What if someone wants you to lie on their behalf? This can happen in all sorts of situations. Allow me to share one of mine. I was eighteen when my grandfather died. My dad didn’t get along with Grandpa’s wife (she wasn’t very nice, so few really “got along” with her). At the house after the funeral, my dad was arguing vehemently with Grandpa’s widow. They were both in the kitchen, and their voices carried into the living room. I was shocked that they were going at each other right after the funeral. Next thing I knew, Dad called me into the kitchen, so I set down my cup and shuffled into the eye of the storm. Gulp. I don’t remember what they were arguing about, but Dad asked me to answer a question. All eyes were on me: Dad’s, Grandpa’s widow, and the others who were standing in the kitchen trying to put out the “fires.” Well, the truth ended up not supporting Dad’s argument. I told the truth anyway, and peace settled over the house. No more arguing, no more fighting. It had come to an end and we could all go about our business of saying "goodbye" to Grandpa. 

On the way home in the car I got a verbal thrashing. How dare I not support my own father, and it’s my duty as a daughter to support him before others, etc. I said, “But it wasn’t the truth!” And suddenly, that didn’t matter, not to him, anyway. Despite his fury, I knew I’d done the right thing because all that mattered was that I was pleasing to God, and I knew God wanted the truth. What I didn’t know, and I wish I had, was the story of Ananias and Sapphira in Acts 5. They claimed to have sold all their land and gave it to the church. I don’t know what Sapphira’s motives were, if lying to begin with was even her idea, but she chose to support her husband in a lie, instead of telling the truth when she was questioned by the apostles. Because of that, she died on the spot. So . . . even in circumstances when your own father, spouse, best friend, or relative wants you to lie for them, it’s not a good idea if you want to be pleasing to the Lord.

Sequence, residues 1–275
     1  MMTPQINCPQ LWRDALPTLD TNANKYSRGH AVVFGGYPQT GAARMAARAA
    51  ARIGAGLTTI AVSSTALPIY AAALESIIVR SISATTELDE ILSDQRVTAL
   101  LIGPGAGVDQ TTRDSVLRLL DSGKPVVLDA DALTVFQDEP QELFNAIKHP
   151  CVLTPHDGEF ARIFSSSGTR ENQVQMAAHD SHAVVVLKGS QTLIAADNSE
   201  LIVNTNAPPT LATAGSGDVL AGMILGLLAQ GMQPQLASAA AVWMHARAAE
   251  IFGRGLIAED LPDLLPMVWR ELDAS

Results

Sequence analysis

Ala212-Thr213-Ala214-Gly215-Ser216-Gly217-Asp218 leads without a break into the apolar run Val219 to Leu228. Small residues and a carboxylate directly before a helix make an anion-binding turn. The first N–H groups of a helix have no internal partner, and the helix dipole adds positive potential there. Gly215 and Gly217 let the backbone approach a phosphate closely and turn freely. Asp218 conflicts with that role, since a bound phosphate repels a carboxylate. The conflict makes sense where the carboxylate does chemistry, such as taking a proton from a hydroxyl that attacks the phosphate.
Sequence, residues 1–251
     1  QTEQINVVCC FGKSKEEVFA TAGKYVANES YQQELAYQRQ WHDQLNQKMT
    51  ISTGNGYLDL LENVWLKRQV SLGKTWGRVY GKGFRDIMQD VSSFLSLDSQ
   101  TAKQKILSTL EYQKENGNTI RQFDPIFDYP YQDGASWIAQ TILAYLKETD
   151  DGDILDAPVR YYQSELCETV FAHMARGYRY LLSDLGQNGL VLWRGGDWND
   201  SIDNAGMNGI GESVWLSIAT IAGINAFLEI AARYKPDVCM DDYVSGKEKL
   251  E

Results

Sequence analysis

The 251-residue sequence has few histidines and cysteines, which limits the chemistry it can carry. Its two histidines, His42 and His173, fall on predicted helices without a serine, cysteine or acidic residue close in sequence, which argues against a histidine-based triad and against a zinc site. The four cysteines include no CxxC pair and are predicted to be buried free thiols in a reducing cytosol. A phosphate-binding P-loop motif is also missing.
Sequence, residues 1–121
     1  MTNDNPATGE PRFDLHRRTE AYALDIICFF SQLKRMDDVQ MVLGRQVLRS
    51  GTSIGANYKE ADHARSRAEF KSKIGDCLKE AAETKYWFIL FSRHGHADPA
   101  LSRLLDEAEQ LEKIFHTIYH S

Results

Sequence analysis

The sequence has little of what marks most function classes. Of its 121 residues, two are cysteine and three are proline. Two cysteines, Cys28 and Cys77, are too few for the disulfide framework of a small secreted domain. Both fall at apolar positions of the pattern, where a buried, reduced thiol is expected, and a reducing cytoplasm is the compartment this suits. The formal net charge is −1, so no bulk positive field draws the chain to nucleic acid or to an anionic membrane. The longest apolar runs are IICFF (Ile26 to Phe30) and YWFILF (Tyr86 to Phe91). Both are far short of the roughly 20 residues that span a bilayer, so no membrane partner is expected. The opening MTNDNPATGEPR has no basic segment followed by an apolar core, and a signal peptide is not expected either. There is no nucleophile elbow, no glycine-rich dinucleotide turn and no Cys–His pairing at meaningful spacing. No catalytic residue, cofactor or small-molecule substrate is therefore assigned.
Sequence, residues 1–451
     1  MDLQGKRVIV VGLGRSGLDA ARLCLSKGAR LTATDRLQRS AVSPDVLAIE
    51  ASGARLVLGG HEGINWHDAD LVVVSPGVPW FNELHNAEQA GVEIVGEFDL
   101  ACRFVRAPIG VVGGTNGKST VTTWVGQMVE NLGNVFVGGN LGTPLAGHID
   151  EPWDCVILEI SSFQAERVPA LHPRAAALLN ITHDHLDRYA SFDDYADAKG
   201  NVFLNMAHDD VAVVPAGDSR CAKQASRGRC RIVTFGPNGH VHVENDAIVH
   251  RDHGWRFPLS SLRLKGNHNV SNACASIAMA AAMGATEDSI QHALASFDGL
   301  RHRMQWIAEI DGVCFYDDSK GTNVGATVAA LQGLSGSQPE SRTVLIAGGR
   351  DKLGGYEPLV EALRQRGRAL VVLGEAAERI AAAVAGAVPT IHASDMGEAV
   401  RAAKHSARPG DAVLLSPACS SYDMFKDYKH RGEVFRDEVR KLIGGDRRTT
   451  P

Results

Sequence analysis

It’s not always easy to admit the truth. Painful even, especially if you know you might hurt someone else or yourself, but God expects it of us. I’d so much rather know the truth, no matter how painful, than be told a lie.


  1. Sandi I really enjoyed reading this post. Thank you. It's much harder to teach my children not to lie than I thought it was going to be. It was encouraging to read your words. Oh, and I would have loved to see the look on Karsten's face! ;)

  2. Thanks, Abbie! Yes, Karsten's face was rather funny at the time. He really didn't know what to think. LOL

  3. My "husband" does not love the truth and is caught up in believing his own lies. I don't think of him as my husband anymore, because of all the lies he's told. They do untold damage and I'm still discovering things in me that he hurt with the lies.